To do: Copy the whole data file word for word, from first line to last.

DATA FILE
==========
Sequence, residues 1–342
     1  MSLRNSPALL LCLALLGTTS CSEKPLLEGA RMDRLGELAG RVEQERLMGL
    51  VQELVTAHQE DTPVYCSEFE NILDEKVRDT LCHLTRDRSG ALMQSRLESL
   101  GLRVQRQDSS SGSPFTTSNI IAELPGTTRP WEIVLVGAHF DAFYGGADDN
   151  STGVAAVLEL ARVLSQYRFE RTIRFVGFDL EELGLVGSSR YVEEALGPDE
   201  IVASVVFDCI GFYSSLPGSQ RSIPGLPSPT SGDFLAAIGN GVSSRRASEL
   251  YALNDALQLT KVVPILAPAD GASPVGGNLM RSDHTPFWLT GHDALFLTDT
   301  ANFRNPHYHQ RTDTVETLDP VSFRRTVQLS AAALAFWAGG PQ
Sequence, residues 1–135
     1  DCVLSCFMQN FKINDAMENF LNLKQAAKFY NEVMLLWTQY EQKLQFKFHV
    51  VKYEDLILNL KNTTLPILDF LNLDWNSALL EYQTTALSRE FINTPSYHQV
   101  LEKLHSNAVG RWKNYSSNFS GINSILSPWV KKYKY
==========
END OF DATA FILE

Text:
Sequence, residues 1–342
     1  MSLRNSPALL LCLALLGTTS CSEKPLLEGA RMDRLGELAG RVEQERLMGL
    51  VQELVTAHQE DTPVYCSEFE NILDEKVRDT LCHLTRDRSG ALMQSRLESL
   101  GLRVQRQDSS SGSPFTTSNI IAELPGTTRP WEIVLVGAHF DAFYGGADDN
   151  STGVAAVLEL ARVLSQYRFE RTIRFVGFDL EELGLVGSSR YVEEALGPDE
   201  IVASVVFDCI GFYSSLPGSQ RSIPGLPSPT SGDFLAAIGN GVSSRRASEL
   251  YALNDALQLT KVVPILAPAD GASPVGGNLM RSDHTPFWLT GHDALFLTDT
   301  ANFRNPHYHQ RTDTVETLDP VSFRRTVQLS AAALAFWAGG PQ
Sequence, residues 1–135
     1  DCVLSCFMQN FKINDAMENF LNLKQAAKFY NEVMLLWTQY EQKLQFKFHV
    51  VKYEDLILNL KNTTLPILDF LNLDWNSALL EYQTTALSRE FINTPSYHQV
   101  LEKLHSNAVG RWKNYSSNFS GINSILSPWV KKYKY